Objectives

• To study the expression of beta-catenin in colonic polyps, adenomas and CRC and to compare its expression with that of normal colon.
• Association of beta-catenin expression with various clinicopathological features.

Material and Methods

This was a prospective cross-sectional study conducted in the Department of Pathology, Kalinga Institute of Medical Sciences, Bhubaneswar, Odisha from September 2018 to August 2020 after approval from Institutional Ethics Committee (IEC No. 90/2018).

Inclusion criteria: Radical excision specimens of histologically confirmed cases of CRC and all specimens of adenoma and colorectal polyps were included.

Exclusion criteria: Colonoscopic biopsies, mucinous carcinoma and poorly preserved tissue were excluded.

Study Procedure

This study included 40 cases of CRC, 20 cases of adenoma and 20 cases of non neoplastic polyps. Along with this, 20 cases of normal colon were also studied. Out of the total cases, 40 were endoscopy guided biopsies and 40 were colectomy specimens. Sample size was calculated after consulting with statistician. Specimens were routinely processed and fixed overnight in 10% buffered formalin. Grossing of the specimens was done as per the recent American Joint Committee on Cancer (AJCC) guidelines (4). Four to five micrometer thick formalin fixed, paraffin embedded tumour sections were stained with Haematoxylin and Eosin (H&E) stain. Histologic examination of tumour type and grade were performed routinely according to criteria outlined in WHO classification of tumours 5th edition, 2019 (3). For colectomy specimen, tumour depth, Lymphovascular Invasion (LVI), Perineural Invasion (PNI) and lymph node status was assessed according to AJCC 8th edition (4).

Evaluation of beta-catenin was done on formalin fixed paraffin embedded tissue sections (4-5 μ thick) on poly L-lysine coated slides by using polymers in two steps (indirect method). Desmoid tumour block served as external positive control whereas normal colon was taken as internal positive control from the same tumour block under study. The IHC staining was done using monoclonal ready-to-use beta-catenin antibody manufactured by Dako (code IS 702). The degree of IHC staining in the tissue sections was scored independently by two pathologists who were blinded to the clinical and pathological data. Staining intensity was graded using a scale of 0-3 as follows:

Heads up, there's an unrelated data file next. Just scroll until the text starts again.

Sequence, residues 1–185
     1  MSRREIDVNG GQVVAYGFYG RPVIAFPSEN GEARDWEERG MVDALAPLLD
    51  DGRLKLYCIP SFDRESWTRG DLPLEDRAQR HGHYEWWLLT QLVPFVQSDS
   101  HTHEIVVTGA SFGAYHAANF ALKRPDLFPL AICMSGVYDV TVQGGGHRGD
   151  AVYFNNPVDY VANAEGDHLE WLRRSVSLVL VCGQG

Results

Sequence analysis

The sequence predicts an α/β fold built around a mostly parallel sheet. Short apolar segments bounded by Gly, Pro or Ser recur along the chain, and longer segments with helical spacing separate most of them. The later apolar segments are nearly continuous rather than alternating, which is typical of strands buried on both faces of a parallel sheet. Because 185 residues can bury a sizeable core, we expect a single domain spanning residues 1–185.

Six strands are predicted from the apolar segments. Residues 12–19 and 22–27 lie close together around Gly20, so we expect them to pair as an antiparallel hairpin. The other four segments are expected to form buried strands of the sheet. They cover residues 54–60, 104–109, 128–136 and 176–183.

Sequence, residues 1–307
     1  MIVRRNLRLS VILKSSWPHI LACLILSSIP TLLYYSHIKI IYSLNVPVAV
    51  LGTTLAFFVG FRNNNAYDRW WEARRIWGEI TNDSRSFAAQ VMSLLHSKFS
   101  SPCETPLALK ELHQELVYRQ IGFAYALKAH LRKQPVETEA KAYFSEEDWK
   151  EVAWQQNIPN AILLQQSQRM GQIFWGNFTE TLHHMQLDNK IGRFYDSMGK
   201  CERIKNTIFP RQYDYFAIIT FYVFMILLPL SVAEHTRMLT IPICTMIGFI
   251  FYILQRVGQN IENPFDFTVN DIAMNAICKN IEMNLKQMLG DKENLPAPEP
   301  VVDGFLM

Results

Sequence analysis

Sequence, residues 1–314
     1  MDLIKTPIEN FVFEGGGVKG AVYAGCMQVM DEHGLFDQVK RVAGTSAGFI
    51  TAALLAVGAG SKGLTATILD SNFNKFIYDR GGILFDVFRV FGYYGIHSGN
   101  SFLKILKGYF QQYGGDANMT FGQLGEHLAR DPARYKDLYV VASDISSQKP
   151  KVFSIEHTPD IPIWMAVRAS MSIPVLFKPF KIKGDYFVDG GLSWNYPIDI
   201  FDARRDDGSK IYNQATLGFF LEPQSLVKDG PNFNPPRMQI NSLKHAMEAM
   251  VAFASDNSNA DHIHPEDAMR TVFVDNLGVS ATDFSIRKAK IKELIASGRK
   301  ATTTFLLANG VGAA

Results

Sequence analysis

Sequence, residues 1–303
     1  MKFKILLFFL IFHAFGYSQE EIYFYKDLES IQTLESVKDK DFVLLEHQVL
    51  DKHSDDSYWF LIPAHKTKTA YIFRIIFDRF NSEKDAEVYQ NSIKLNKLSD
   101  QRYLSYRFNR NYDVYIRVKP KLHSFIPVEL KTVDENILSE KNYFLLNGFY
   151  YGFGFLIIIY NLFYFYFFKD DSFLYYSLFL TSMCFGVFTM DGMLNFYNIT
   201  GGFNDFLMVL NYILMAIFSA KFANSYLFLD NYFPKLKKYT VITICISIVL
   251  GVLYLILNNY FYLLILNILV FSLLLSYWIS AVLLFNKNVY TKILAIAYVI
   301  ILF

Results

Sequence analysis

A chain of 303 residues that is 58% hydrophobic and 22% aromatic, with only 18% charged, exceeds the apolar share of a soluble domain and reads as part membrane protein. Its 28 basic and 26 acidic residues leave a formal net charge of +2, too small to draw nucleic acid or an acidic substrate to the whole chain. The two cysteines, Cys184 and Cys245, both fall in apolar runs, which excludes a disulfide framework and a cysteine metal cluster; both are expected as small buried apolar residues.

0: No staining;
1: Weak staining;
2: Moderate staining and
3: Strong staining (9),(10)

The extent of staining was graded on a scale as the following:

0: ≤5%;
1: 6-25%
2: 26-50%
3: 51-75%
4: 76-100% (9),(10)

According to the percentage of the section exhibiting positive staining relative to the entire carcinoma involved area, more than 50% of tumour area showing moderate and strong staining was considered as positive. The intensity and extent scores were multiplied to generate the immunoreactivity score (IS; range, 0-12) for each case.

<6 was considered as low (Negative)
>6 was considered as high (Positive) (11)

Statistical Analysis

Data was entered into Microsoft excel spreadsheet 2010 and analysed using EpiInfo software version 7.1.3. Results were expressed as mean, median, standard deviation, percentages, frequencies and proportions. Statistical analysis was done by Chi-square test, Fisher’s exact test and t-test which were used as tests of association. A p-value of less than 0.05 was taken as statistically significant.

Results

In this study, the total number of subjects were 80 which included 40 cases (50%) of adenocarcinoma, 20 (25%) cases of adenoma and 20 (25%) cases of non neoplastic polyps. The age range of patients was from 1-96 years with mean age being 54.73±21.15 years. Age group of 51-60 years had highest number of cases i.e., 20 (25%) followed by the age range of 61-70 years i.e., 16 (20%). Out of 40 cases of adenocarcinoma, maximum belonged to the age group of 51-60 years and 71-80 years of age with mean age of 61.75±11.62 years, whereas maximum number of adenoma cases belonged to age group of 61-70 years of age.

For statistical analysis, the total cases were divided into two age groups- less than 50 years and more than 50 years. A 42.86% of patients below 50 years had preserved membranous expression and 54.54% of patients above 50 years had preserved membranous beta-catenin expression. Nuclear expression was seen in 28.57% patients with age less than 50 years and in 51.15% patients with age more than 50 years. However, there was no significant association of these results with age (Table/Fig 1). Among the total 40 adenocarcinoma cases, 70% (28 cases) were males and 30% (12 cases) were females with male:female ratio being 2.3:1 (Table/Fig 1).

A 46.42% of males showed preserved membranous beta-catenin expression while it was seen in 58.43% of females. A 53.57% males had increased cytoplasmic beta-catenin expression whereas, 41.66% females had strong cytoplasmic expression. Increased nuclear expression of beta-catenin was seen in 21.42% males and in 25% females. These results were not statistically significant (Table/Fig 1).

Out of 80 cases, there were total number of 60 male patients (75%) and 20 (25%) female patients with male to female ratio being 3:1. Out of 80 cases, 40 cases (50%) were adenocarcinoma. Adenoma with low-grade dysplasia constituted 17 cases (20%) and with high-grade dysplasia constitute 3 cases (5%). Out of 20 cases of non neoplastic polyps, maximum were juvenile polyps, i.e., 10 cases (12.5%) and only one case was hamartomatous polyp (1.25%). Maximum number of adenocarcinoma were located in the right colon 17 cases (42.5%) followed by left colon 14 cases (35%) and minimum in the rectum nine cases (22.5%). A total of 29 cases (72.5%) of adenocarcinoma cases belong to grade I followed by seven cases (17.5%) in grade II and only four cases (10%) of carcinoma belong to grade III. A 45% (18 cases) of carcinoma belong to stage II, 30% (12 cases) belong to stage IIIB and only 5% (02 cases) belong to stage IIIC. LVI was present in 23 cases (57.5%) adenocarcinoma cases and PNI was present in10 cases (25%). A 45% (18) of adenocarcinoma cases had positive metastatic nodes (Table/Fig 2).